As consumer data grows, so too do the opportunities to better understand and target customers and prospects.
To capitalize on this data, businesses must frame their approach strategically. After all, having the data is not enough to:
- Interpret and understand the story it’s telling.
- Determine which data is most relevant to which audience.
- Instill a culture of data discovery in employees, especially when acting on hunches can be habitual.
Business leaders understand the value of data that’s tailored to each function and the role analytics tools play in the overall employee experience of accessing that data.
In this sense, analytics software that organically promotes data-driven decision-making provides a competitive advantage.
The advent of AI analytics has changed the premise of the conversation. With the automation and augmentation capabilities of AI, analytics tools are no longer facilitators of data analysis but are capable of performing the actual labor that was once unique to humans.
These advancements mean that businesses have an incredible opportunity to capitalize on data (as we’ve mentioned), but they must do so with an eye toward scale, change management, and curiosity culture.
In this article, we’ll specifically discuss the advantages of machine learning analytics and how it fits into the larger picture of AI in business intelligence.×
The difference between traditional data analytics and machine learning analytics
Data analytics is not a new development. From the beginning of business intelligence (BI), analytics has been a key aspect of the tools employees use to better understand and interact with their data.
However, the scale and scope of analytics has drastically evolved. Let’s discuss these differences in more detail.
Traditional data analytics platforms typically revolve around dashboards.
Dashboards are constructed of visualizations and pivot tables that illustrate trends, outliers, and pareto, for example. Technical team members like data analysts and data scientists play a role in constructing these dashboards; generally, the humans are still performing the bulk of the analysis, and the software helps facilitate the results.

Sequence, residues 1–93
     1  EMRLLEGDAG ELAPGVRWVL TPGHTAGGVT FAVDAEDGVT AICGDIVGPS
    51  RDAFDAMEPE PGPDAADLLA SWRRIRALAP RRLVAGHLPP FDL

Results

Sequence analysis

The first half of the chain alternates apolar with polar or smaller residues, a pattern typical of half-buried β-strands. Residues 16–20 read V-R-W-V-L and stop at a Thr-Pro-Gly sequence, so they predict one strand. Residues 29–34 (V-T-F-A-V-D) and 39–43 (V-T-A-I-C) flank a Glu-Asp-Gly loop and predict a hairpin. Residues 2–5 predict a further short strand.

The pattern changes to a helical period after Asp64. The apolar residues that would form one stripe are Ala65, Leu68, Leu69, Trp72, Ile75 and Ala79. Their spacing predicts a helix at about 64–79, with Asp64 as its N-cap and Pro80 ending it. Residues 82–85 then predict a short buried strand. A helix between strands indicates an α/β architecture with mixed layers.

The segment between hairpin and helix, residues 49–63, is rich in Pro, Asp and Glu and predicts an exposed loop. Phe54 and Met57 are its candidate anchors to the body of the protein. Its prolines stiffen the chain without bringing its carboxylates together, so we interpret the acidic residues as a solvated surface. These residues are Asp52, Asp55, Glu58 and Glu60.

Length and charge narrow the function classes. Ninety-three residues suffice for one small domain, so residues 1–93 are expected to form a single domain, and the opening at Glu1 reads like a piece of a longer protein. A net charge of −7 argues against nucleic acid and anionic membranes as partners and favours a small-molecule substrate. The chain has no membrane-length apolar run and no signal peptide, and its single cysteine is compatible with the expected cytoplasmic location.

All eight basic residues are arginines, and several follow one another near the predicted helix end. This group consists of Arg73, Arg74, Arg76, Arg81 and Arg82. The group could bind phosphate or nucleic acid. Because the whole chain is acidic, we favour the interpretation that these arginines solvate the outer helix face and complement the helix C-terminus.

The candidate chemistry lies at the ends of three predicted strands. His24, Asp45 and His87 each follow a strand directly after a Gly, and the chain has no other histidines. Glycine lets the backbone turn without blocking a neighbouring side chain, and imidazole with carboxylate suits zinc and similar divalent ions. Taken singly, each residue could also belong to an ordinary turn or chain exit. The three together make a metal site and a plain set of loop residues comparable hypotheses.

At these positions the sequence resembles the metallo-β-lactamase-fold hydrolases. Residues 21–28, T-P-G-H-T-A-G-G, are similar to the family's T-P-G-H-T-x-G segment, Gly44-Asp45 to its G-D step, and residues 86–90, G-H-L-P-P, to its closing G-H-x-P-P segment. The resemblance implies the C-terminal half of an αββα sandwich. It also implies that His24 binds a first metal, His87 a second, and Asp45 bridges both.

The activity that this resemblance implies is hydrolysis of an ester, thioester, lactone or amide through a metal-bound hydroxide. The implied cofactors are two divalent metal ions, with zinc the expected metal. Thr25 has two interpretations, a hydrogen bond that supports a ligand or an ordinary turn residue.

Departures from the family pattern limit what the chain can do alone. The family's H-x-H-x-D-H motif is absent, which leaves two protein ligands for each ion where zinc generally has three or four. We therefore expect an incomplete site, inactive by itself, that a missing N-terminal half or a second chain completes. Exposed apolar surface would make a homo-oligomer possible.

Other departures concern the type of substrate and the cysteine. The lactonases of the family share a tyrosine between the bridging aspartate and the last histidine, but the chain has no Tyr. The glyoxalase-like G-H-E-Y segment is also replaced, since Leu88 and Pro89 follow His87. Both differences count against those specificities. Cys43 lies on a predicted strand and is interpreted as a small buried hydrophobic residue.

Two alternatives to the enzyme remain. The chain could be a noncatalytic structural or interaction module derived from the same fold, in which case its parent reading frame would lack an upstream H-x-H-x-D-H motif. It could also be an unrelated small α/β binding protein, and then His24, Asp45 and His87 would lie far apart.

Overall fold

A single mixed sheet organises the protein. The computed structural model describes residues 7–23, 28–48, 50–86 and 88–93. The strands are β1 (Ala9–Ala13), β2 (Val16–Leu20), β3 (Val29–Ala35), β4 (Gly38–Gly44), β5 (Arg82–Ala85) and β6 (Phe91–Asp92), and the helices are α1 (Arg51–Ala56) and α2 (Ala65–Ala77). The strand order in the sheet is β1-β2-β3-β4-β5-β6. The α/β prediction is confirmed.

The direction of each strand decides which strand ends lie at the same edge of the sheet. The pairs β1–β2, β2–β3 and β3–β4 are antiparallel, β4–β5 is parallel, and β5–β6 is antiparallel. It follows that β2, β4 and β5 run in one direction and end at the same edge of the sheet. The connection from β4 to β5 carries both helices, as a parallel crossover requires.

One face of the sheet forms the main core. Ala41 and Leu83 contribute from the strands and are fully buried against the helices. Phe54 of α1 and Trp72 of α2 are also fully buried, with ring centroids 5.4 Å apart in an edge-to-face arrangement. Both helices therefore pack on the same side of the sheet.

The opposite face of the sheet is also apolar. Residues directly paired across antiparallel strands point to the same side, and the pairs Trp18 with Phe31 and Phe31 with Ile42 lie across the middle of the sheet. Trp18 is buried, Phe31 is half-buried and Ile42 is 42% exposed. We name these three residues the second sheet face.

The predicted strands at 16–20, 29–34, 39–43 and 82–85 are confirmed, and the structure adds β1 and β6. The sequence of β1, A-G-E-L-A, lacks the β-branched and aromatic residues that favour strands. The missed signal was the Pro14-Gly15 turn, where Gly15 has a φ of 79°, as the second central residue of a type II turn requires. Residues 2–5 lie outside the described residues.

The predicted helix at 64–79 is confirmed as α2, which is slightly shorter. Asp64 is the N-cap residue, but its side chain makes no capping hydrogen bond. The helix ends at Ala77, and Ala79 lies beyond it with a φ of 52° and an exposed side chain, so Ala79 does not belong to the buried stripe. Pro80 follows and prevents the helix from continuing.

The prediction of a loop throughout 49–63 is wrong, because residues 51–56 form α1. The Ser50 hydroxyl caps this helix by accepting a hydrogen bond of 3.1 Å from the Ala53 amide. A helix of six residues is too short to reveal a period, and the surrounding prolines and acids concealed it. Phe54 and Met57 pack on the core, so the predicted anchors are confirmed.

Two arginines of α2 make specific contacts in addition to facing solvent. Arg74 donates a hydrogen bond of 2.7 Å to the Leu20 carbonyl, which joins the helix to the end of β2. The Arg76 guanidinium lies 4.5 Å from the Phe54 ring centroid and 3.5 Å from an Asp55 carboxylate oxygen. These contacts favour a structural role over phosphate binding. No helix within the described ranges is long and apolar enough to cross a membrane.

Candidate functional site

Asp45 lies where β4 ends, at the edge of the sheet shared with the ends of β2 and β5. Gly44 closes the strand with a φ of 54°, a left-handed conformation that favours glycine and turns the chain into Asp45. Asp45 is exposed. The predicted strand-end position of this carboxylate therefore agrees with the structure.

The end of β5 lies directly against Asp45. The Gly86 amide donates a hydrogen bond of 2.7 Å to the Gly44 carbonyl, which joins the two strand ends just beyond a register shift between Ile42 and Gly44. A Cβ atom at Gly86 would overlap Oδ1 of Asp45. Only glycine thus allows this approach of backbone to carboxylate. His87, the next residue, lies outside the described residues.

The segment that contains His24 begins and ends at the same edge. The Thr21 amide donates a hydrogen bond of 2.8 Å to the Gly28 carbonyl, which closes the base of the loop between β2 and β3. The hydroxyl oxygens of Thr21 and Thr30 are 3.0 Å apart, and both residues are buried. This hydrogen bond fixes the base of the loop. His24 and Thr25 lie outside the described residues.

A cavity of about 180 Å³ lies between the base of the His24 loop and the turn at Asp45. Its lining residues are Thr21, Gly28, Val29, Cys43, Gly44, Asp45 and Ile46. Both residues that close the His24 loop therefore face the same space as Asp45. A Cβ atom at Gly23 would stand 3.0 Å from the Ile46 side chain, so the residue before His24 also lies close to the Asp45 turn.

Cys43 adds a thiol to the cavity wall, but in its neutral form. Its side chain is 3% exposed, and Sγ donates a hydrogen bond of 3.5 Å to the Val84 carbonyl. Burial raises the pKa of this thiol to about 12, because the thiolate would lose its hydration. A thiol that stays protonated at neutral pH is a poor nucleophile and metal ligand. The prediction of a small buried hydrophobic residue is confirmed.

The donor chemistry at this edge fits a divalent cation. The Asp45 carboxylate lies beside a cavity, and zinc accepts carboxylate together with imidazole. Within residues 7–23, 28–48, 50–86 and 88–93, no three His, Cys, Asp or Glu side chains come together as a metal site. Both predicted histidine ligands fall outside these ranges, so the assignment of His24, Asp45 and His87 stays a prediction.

Current state analysis with traditional data analytics software looks something like this:
- The data analyst starts with a core question, likely sourced from a business team. In this case, the question is “how did market share do last quarter?”
- The data analyst accesses different spreadsheets from different locations.
- The data analyst merges multiple spreadsheets manually.
- The data analyst conducts analysis by filtering data based on their hypotheses around market share’s performance. This process is constrained by time restrictions, so the analyst can’t fully test every scenario. As the analyst iterates on their hypotheses, they may need to access data again.
- The analyst presents the story, or the findings from their analyses. While these stories can be well-researched and accurate, they’re not a complete picture of what’s happening in the data and rely on the analyst’s initial assumptions.
This process is labor-intensive, time-consuming, and often frustrating. Data analysts have advanced skill sets that they can’t use effectively when they’re spending their time stuck in a cycle of routine reports.
The limitations of this process have paved the way for machine learning to take hold in analytics.
Machine Learning Analytics
Machine learning analytics is an entirely different process.
Machine learning automates the entire data analysis workflow to provide deeper, faster, and more comprehensive insights.
How does this work?
Machine learning is a subset of AI that leverages algorithms to analyze vast amounts of data.
These algorithms operate without human bias or time constraints, computing every data combination to understand the data holistically. Further, machine learning analytics understands boundaries of important information.
If asked to identify changes in sales figures, the machine can learn the difference between a $200 fluctuation and a $200,000 increase, only reporting the latter because that’s the info that actually impacts the company.
In other words, machine learning also tests out hypotheses to answer key business questions — but it can test all of them in a much shorter timespan. Think seconds instead of weeks. Then, it tells a data story that’s accurate, exhaustive, and relevant to the person asking questions.
Practically, machine learning is invoked in techniques like: